Girl sprays mosquitos with bug repellent

The mosquito has its day … from annoying pest to valuable resource

Mosquitoes—Spanish for “little fly”—are an important part of the world’s ecosystem. While most would prefer to not suffer its bites, the value of one of nature’s most annoying—and also sometimes dangerous—flying pests can’t be understated.

Twelve of the more than 200 types of mosquitoes in the United States spread germs that can make people sick. The most common is West Nile virus, but their bites are also responsible for outbreaks of Zika virus, yellow fever and malaria. But while there are dangers posed by mosquitoes, they also play a valuable role in nature. 

In recognition of World Mosquito Day (Aug. 20), The Daily asked Michael Benard, associate professor and chair of Case Western Reserve University’s Department of Biology, about the insect and how researchers are attempting to control mosquito populations while maintaining environmental stability. 

Benard’s research is intended to determine how changing environments affect organisms’ abundances, traits and ecological interactions, with a focus on amphibians and why the species is in a worldwide decline.

“Amphibians provide an important ecological service in insect control and are a sensitive indicator of environmental change that might directly harm humans,” he said. 

Benard explained more about the role of mosquitoes and their positive impact on the world’s ecosystem.

Why are mosquitoes important? 

There are more than 3,500 species of mosquito worldwide, and they can be an important food source for animals. For example, mosquitoes appear in the diets of over 70% of the little brown bats sampled in the midwestern U.S., and the aquatic larvae of mosquitoes are a favored prey for many salamanders. Individual salamanders can consume over 800 mosquito larvae per day, so if mosquitoes disappear, many animals will lose an important food source. 

How do our attempts to control them, mostly through sprayed poisons, affect the balance of nature?

Small standing bodies of water, such as bird baths and water sitting in old tires, can produce large numbers of mosquitoes, so control recommendations include removing these sources.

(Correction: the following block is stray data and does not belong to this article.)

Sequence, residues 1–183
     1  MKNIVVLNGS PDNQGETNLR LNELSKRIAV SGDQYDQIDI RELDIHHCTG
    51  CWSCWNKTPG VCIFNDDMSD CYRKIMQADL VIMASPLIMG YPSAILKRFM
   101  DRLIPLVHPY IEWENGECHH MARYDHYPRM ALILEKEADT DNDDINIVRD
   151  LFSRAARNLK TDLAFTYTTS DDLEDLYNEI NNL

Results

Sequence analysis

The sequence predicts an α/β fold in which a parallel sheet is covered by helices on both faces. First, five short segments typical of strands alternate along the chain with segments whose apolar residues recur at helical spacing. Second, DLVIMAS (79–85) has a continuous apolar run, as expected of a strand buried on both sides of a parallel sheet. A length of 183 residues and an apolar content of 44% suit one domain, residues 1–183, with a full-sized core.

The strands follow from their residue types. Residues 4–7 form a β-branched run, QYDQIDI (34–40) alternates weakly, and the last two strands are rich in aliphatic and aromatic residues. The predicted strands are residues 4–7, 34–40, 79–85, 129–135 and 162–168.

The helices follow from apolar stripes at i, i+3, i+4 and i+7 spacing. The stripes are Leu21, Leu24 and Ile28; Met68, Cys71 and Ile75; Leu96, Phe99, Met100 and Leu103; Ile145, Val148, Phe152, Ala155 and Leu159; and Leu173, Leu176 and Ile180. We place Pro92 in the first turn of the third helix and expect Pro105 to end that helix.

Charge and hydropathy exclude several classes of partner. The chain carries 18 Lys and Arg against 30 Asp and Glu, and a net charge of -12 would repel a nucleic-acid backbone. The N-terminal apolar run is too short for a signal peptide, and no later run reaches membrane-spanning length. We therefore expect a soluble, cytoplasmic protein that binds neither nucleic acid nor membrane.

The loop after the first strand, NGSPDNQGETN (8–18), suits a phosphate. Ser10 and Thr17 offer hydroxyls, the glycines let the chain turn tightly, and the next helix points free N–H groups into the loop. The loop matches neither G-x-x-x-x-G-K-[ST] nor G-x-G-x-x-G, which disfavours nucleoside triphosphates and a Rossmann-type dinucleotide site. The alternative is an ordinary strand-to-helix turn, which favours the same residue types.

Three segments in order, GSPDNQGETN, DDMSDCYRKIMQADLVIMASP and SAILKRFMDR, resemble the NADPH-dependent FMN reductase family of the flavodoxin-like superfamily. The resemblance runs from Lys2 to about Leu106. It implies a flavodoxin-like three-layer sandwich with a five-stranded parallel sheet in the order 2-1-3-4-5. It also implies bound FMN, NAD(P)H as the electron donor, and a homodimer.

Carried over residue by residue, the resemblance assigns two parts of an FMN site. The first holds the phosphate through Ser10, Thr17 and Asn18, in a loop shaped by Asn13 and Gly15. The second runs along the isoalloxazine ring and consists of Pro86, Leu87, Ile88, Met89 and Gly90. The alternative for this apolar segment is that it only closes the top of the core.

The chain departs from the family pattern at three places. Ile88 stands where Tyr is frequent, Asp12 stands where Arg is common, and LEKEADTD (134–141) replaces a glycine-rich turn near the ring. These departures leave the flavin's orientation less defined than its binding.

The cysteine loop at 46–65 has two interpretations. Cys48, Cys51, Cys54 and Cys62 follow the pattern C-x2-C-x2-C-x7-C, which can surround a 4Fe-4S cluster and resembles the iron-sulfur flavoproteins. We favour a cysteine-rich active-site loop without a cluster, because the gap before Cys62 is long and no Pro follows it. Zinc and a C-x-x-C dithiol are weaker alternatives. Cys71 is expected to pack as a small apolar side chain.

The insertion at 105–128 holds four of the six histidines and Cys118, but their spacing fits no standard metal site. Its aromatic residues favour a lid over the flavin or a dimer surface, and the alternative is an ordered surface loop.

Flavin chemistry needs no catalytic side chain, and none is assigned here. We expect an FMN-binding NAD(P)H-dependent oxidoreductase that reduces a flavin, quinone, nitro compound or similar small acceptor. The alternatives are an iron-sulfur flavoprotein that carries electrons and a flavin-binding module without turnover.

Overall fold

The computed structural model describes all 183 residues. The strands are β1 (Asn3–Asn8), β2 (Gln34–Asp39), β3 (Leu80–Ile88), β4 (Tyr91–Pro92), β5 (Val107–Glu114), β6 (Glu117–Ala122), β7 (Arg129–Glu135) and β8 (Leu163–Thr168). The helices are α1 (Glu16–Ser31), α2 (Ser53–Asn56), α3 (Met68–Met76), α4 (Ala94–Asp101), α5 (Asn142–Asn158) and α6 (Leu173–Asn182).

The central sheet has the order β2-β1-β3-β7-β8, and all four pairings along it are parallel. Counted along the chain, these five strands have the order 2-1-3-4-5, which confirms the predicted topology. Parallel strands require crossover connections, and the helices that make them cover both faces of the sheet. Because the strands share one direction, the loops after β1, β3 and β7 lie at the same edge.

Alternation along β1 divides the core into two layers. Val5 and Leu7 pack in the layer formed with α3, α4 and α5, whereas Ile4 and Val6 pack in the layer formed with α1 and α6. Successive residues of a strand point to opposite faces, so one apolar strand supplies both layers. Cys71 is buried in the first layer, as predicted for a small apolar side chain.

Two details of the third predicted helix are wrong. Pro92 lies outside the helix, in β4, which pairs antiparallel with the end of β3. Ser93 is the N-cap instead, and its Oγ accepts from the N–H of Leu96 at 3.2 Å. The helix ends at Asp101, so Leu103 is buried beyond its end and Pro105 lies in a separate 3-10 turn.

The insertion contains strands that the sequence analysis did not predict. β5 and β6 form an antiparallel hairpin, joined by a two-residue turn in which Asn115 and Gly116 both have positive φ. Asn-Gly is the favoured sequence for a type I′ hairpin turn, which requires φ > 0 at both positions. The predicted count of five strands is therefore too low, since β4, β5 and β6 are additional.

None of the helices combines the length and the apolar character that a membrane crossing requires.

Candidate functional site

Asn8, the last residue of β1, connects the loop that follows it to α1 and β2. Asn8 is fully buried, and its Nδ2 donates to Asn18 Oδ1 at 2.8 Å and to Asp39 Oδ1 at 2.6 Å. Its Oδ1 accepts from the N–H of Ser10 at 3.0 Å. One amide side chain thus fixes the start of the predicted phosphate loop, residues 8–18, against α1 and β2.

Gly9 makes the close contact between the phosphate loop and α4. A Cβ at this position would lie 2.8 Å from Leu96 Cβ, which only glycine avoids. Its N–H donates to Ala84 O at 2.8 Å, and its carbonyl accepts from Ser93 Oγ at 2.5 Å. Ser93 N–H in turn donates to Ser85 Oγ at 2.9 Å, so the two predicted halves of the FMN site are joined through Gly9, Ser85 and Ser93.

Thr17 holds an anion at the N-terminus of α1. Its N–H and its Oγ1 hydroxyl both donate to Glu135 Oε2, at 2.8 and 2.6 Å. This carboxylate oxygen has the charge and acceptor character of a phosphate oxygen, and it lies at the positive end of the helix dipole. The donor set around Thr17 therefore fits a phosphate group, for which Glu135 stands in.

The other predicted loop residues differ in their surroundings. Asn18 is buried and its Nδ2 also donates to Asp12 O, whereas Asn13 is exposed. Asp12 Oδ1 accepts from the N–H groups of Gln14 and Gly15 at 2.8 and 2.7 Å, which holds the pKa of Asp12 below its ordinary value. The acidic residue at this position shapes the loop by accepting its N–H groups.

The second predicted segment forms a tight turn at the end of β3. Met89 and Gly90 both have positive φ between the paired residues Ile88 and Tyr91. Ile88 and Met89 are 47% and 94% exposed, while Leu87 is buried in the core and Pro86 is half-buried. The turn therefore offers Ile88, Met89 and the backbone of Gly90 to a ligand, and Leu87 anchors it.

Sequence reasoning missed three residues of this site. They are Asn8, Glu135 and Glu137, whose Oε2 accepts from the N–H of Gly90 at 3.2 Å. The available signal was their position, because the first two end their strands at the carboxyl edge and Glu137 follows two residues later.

A variety of insecticides can be used to control both the flying adult mosquitos and the aquatic larval mosquitoes. However, some insecticides may have negative effects on fish, amphibians and other animals, depending on the concentrations. Other compounds are more specific. Experimental studies show that Bti (Bacillus thuringiensis)—which is derived from a soil bacteria—kills mosquito larvae and is much less toxic to non-target species than other insecticides.

Biological controls can also be used to control mosquito populations. Mosquitofish eat mosquito larvae and are frequently released in some areas to control mosquito populations which avoids the toxicity of some insecticides. But they will also eat animals other than mosquito larvae, such as other aquatic insects and amphibian larvae which can lead to the decline of native species. 

A targeted approach that uses multiple methods based on the local environment can be an effective way to control mosquitos while limiting negative effects on other species. 

What other things can the science community do to find the balance between control and conservation?

There are many examples of how maintaining healthy, intact ecosystems has many benefits for people. Citing amphibians and mosquitos as an example, biologists in Switzerland surveyed wetlands across many different habitats and found mosquitos were much more abundant where humans had modified the wetlands. In particular, mosquitos were more abundant when amphibians were rare. 

A key message of many of these studies is that protecting the environment has many benefits that are important to human wellbeing, but they are often hard to detect if you aren’t looking for them.